Asking these questions, she says, will help you confirm whether or not a lease is the right method for your landscaping company. If you do decide to lease, Harms says the next step is to talk to your dealer or lender to outline your leasing options and make sure you will qualify for the lease.
“Manufacturers who have their own financing arm, such as John Deere Financial, can help streamline the process, as your dealer will play a role in the leasing process,” says Harms. “Depending on the length and end result, your lender will be able to help you set up a leasing agreement that fits your business.”
Depending on what exactly you’re looking for, Harms says there are a few options you can keep in mind. Setting up a long-term agreement with an operating lease sets a fixed payment over a predetermined time, which is often a two- to three-year term. At the conclusion of the term, you then have the option to either purchase the piece of equipment or return it to the dealer.
Damages to leased machines
Other frequently asked questions regarding leased equipment are what will happen if damage occurs on a leased piece of equipment, and who is going to pay for repairs?
“Usually, there is an hour limitation for leasing equipment,” says Scheffler. “If a customer is under that limitation, then there is typically no warranty expense, so that creates a more standard budget without any surprise costs due to downtime.”
Harms adds that it’s common for the term of a lease agreement to match a warranty or extended warranty period. If landscapers need a leased machine repair performed and that repair is covered under warranty, there is no cost to the landscaper at that time. Harms says that in cases like this, revolving loans can be beneficial in paying for repairs while also protecting cash flow.
“Within the lease agreement, there is a section that addresses damage, as most leases require the equipment to be damage-free when returned if the landscaper does not plan to purchase the machine at the end of the lease term,” says Harms. “Under this agreement, if the plan is to return the lease at the end of the term, there will be a penalty for the damage.”
If damaging the machine is a big concern, Harms recommends landscapers consider buying the equipment and financing it, as the payments are spread out over time.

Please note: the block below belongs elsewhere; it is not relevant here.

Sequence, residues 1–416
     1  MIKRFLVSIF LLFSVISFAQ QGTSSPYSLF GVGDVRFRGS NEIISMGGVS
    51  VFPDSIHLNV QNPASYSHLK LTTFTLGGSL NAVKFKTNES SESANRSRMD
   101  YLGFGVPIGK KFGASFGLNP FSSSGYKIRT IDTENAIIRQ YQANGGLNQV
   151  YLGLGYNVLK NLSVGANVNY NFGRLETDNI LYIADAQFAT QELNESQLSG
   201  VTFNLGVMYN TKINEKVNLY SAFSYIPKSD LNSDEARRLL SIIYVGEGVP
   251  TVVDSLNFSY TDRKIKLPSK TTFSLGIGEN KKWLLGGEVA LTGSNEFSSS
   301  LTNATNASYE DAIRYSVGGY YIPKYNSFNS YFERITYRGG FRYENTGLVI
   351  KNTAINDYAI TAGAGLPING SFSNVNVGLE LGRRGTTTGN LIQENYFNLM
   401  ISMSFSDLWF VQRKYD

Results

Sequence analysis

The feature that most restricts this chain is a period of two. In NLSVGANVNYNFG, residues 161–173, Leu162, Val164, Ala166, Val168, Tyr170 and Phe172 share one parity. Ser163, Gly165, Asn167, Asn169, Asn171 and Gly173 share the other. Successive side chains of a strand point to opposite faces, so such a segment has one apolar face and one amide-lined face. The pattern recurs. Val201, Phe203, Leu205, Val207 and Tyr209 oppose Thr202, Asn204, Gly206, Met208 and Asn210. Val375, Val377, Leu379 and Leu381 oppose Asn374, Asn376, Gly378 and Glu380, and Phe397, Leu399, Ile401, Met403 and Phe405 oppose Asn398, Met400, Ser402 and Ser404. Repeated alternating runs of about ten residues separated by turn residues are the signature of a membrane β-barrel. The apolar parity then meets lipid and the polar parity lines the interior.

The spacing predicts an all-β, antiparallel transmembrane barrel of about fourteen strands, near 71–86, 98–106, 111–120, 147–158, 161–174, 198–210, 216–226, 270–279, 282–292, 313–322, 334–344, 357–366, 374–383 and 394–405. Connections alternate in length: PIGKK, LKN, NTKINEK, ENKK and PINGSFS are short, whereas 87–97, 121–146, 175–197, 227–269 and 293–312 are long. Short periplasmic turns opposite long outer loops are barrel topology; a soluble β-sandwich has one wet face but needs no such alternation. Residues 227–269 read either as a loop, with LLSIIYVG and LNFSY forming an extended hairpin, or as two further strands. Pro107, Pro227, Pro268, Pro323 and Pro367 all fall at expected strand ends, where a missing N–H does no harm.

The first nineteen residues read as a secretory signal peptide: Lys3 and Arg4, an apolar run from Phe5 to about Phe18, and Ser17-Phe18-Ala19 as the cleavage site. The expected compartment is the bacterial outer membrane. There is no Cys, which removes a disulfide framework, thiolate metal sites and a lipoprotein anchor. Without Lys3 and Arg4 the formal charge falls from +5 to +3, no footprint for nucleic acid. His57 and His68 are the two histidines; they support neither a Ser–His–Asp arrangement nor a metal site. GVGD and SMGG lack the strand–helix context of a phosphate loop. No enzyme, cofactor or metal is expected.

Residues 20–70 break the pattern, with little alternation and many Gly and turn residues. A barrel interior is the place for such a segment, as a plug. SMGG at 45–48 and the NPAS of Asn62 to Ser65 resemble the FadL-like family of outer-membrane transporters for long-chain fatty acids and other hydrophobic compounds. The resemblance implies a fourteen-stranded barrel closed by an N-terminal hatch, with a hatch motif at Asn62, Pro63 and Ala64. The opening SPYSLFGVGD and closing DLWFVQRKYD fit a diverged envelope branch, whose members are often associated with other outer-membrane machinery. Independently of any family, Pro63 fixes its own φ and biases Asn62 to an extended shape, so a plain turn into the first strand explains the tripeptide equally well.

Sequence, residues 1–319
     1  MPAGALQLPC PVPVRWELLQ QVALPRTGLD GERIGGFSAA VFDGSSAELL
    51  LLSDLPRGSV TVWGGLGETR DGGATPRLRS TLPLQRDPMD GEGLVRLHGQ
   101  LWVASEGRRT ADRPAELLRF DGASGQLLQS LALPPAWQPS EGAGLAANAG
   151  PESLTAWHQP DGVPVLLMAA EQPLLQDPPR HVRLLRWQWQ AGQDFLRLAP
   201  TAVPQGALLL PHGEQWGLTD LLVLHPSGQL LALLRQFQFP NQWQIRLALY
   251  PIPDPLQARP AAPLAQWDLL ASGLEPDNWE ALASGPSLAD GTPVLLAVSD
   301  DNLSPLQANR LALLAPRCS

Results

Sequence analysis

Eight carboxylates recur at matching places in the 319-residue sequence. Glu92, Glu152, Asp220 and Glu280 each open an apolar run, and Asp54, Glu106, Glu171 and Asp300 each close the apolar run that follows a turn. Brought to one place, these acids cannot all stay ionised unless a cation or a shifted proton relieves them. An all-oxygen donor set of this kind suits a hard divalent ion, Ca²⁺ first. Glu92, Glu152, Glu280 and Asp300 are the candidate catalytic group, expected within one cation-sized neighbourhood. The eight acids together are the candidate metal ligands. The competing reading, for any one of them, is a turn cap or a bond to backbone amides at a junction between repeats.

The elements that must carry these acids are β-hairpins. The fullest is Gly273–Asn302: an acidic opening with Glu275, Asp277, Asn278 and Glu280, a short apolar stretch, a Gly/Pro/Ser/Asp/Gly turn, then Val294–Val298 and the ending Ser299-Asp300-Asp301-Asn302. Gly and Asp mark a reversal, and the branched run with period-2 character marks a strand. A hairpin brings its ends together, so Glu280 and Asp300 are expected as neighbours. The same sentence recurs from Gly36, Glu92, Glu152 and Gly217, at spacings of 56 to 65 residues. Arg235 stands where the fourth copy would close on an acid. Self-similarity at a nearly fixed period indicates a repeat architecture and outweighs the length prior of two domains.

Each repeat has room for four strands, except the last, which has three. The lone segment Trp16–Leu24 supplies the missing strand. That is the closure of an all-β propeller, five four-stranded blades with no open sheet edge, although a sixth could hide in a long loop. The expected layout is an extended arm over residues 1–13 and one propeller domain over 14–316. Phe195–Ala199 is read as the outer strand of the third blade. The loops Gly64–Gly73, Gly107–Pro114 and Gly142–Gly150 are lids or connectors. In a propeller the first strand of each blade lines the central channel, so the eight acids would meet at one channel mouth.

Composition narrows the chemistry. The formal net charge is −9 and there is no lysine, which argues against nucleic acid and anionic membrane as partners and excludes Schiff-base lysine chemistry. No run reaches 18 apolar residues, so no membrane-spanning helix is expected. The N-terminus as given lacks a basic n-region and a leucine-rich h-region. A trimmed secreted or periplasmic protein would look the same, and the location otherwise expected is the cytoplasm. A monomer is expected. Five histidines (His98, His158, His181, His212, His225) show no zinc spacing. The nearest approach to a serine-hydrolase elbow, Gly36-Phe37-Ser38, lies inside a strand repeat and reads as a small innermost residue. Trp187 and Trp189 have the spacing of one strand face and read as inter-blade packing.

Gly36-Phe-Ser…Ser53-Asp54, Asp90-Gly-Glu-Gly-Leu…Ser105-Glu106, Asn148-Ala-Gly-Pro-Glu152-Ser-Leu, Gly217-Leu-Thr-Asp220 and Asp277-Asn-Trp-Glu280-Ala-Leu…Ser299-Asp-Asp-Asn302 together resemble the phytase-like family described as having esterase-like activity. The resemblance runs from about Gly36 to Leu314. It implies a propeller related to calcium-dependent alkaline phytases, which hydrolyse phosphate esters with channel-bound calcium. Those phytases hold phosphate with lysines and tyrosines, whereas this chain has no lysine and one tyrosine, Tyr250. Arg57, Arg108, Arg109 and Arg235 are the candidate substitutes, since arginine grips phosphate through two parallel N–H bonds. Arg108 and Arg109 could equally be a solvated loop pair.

“This means that there is no limit on hours and damage is not a concern, making it ideal for a customer that might put a lot of hours on a machine,” Harms says.
Harms adds that if a landscaper does decide to move forward with a loan, he/she should check with the lender or dealer first to see if there are any special offers that could be applied at the time. Sometimes, she says, financial institutions will offer incentives like zero percent interest for a certain period of time, which helps save money in the long run.
When comparing a return on investment (ROI) with leased versus purchased landscaping equipment, Scheffler stands firm that the best option lies in purchasing your machines.
“It does go back to a case by case basis, but in general, the best ROI is with purchased, well-maintained equipment and an educated, caring crew,” says Scheffler.
Harms says it’s still dependent on exactly how the landscaper will be using the machine. If they plan to switch machines every few years, if they want to be current with all of the latest technology and if they want to make sure their fleet always has machines in pristine condition, she recommends leasing.
“(In this case), leasing is the better option, as it allows the customer to switch out machines every two to three years while also being able to improve cash flow throughout the year,” she says. “In general, there are pros and cons of each type of financing and the best solution greatly depends on the customer and their needs.”
EDITOR’S NOTE: This is one of the articles found in Mower Matchup. Mower Matchup was created to delve into the pros and cons of various mower features and provide a comprehensive look at popular mower manufacture specs. Click here to download the full Mower Matchup series.